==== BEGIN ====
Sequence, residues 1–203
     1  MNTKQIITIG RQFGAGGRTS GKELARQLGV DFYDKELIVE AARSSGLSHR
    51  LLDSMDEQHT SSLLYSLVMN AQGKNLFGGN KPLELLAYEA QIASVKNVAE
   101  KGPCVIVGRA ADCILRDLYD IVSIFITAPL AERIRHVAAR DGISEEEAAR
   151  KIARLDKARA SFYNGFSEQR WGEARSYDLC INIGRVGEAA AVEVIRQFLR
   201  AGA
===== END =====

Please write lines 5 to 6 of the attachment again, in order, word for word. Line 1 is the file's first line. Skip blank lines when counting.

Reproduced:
   151  KIARLDKARA SFYNGFSEQR WGEARSYDLC INIGRVGEAA AVEVIRQFLR
   201  AGA